For eight hours a day, five days a week, you can be found in the same exact place: your office chair. For the amount of time you spend in it, you might as well consider it a second home. But how is that affecting your back? Whether it's the way you're sitting or the chair itself, here are a few ways it can affect back pain and what you can do it to avoid it:
1. Sitting for a long period of time
If you remain seated for the entire duration of your work day, you aren't doing your back any favors. When people sit for extended periods of time, the tendency is to slouch. This posture contorts your spine into unnatural positions, overextends spinal ligaments and strains discs. If you frequently find yourself in this position, you could be doing a lot of harm to your back. Instead, make sure you take breaks throughout the day so you can realign yourself in your chair and avoid slouching.
2. The wrong chair
If you're going to be spending a lot of time at your desk during the workday, you should invest in an ergonomic chair that will provide ample back support and encourage proper posture. The right chair should have lumbar support for your lower back that be slightly reclined. Simply sitting in this kind of chair isn't enough, though. You'll also need to adjust it to your body so you're comfortable and not putting additional strain on your spine.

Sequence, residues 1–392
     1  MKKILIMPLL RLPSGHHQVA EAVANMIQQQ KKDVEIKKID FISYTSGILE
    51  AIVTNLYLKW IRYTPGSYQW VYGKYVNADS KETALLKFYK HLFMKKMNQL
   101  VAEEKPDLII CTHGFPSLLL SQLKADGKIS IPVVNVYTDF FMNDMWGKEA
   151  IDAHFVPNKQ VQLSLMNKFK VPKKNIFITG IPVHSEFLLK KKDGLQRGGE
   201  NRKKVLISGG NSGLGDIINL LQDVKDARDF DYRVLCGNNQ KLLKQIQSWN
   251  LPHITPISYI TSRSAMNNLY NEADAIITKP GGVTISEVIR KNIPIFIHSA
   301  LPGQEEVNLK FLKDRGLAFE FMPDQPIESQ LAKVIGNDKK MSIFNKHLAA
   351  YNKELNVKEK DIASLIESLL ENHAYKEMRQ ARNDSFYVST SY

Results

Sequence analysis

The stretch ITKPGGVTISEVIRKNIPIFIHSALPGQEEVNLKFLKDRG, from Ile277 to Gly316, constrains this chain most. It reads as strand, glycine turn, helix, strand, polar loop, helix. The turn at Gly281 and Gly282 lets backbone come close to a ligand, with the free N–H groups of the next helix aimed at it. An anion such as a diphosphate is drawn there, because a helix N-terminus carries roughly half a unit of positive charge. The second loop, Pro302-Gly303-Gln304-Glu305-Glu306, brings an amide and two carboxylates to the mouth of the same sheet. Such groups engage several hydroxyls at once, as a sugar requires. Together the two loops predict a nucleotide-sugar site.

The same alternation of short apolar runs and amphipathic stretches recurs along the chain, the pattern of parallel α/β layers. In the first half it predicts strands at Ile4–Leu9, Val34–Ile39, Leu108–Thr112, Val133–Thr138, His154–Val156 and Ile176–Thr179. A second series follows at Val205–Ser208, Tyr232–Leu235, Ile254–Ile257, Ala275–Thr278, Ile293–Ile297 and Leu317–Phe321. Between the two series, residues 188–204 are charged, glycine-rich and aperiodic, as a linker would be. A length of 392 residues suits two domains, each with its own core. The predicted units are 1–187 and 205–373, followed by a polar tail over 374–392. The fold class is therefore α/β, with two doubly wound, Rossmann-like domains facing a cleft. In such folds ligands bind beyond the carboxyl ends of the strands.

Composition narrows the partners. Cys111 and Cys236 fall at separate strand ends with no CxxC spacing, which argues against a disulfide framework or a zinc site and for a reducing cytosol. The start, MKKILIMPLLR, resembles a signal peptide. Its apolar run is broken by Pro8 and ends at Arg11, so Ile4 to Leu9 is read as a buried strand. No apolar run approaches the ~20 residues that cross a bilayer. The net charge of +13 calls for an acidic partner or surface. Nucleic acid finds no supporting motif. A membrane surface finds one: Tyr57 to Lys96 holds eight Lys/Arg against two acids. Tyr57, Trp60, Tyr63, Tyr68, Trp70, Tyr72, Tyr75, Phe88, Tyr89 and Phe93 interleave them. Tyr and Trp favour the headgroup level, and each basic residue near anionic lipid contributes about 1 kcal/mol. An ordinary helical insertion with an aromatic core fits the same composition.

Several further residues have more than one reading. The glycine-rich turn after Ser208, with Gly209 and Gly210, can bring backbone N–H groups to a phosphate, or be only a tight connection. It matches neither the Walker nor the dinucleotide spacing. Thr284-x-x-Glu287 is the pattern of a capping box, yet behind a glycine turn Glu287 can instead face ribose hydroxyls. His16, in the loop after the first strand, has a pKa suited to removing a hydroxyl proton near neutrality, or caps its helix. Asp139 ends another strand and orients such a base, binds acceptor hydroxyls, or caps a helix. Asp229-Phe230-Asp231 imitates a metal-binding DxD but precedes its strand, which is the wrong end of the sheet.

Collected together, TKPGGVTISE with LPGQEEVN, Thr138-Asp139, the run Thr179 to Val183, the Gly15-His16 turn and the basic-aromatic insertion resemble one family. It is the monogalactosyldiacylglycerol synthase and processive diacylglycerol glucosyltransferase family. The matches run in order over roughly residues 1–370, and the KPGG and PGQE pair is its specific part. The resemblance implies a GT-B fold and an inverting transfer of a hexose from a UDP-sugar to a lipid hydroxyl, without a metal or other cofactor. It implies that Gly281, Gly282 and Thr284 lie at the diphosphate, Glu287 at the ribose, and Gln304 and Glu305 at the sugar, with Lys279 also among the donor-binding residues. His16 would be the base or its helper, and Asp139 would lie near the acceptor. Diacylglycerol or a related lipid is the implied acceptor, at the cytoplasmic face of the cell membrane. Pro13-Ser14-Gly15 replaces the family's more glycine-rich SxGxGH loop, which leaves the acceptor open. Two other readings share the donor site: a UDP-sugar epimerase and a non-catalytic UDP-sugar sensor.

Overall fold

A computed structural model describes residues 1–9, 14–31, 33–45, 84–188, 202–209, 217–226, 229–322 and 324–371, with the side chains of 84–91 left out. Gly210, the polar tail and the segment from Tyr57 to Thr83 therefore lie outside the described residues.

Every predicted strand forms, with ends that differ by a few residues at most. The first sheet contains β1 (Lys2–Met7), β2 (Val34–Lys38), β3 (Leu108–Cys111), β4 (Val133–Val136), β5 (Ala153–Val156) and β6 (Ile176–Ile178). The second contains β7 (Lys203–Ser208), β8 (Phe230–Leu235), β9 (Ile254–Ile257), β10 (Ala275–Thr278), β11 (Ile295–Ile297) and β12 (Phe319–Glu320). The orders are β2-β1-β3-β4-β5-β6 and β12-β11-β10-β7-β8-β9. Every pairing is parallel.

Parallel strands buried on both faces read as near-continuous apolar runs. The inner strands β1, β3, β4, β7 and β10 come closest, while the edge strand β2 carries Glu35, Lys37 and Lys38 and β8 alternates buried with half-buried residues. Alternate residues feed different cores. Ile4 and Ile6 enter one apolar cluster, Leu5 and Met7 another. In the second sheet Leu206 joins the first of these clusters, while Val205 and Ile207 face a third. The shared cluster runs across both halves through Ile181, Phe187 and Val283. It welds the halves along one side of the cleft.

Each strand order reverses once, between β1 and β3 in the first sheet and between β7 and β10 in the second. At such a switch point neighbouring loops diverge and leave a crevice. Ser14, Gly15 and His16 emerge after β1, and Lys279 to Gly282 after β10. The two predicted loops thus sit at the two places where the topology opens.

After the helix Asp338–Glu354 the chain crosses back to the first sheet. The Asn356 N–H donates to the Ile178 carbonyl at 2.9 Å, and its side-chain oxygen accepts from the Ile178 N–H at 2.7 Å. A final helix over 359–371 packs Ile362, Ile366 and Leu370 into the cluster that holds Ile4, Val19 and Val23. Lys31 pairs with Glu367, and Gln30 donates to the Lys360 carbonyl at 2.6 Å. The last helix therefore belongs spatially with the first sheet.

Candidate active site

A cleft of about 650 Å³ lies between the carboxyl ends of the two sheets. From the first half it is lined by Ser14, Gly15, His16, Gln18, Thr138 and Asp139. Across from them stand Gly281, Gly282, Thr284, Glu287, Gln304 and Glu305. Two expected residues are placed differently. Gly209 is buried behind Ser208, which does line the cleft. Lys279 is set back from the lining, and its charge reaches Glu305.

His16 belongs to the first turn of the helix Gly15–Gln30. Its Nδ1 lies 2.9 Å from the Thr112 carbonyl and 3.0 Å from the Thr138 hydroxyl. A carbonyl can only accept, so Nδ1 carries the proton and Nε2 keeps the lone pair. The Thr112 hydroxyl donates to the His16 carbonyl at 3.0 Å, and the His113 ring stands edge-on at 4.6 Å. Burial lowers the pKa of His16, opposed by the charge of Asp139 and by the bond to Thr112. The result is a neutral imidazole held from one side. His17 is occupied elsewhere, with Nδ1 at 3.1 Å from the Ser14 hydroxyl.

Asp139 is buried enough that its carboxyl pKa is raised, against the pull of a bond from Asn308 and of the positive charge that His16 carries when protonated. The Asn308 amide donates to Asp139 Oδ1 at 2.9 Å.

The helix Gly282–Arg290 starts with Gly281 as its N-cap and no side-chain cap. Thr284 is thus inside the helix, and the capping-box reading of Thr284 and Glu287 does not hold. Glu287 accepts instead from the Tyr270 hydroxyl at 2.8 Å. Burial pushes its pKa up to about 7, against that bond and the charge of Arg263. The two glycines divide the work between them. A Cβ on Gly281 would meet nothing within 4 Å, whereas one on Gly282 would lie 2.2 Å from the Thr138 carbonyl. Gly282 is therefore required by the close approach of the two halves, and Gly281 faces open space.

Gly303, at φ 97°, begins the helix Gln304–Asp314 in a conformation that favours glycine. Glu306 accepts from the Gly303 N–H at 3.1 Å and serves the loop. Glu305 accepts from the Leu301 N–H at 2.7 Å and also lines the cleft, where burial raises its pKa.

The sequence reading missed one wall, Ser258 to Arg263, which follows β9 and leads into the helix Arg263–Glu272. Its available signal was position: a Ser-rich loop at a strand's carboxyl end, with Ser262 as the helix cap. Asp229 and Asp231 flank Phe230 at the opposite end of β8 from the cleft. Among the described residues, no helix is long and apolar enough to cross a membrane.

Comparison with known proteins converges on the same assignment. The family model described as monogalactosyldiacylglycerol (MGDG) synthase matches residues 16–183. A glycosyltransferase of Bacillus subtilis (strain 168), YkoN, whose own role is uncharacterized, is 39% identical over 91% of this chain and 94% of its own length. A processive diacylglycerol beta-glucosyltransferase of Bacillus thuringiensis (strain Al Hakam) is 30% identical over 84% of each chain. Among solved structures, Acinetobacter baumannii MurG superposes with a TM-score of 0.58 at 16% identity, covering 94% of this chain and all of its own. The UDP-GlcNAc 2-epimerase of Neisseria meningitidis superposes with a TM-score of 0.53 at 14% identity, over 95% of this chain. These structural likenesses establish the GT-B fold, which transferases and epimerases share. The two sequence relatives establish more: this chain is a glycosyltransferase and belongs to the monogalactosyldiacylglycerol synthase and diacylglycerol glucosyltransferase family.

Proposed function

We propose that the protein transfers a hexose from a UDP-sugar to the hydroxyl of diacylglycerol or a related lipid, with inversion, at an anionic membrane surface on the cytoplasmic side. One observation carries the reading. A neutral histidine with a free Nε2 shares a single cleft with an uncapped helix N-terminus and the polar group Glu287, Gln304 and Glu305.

3. Poor posture
Maintaining the right posture in your office chair means more than avoiding a slouch. You need to be mindful of many different parts of your body. Here are some ways to position yourselves for optimal posture:
- Align your arms and elbows: Spine-Health.com instructs office workers to sit as close to the desk as possible to keep upper arms parallel to the spine. Your elbows should be at a 90 degree angle. If they aren't, this means you'll need to adjust your chair height.
- Watch your legs: You should be able to slide a finger under your thigh at the edge of the chair. If you can't, you should use a footrest to slightly lift your feet off the ground to better align your legs.
- Adjust your computer screen: Your gaze should fall squarely in the middle of your screen. If you need to move up or down to look at your computer, you'll need to change the height of your screen. This way, you won't need to strain your upper spine to work.
If you're experiencing chronic back pain from your office chair, you should schedule an appointment with a professional chiropractor today.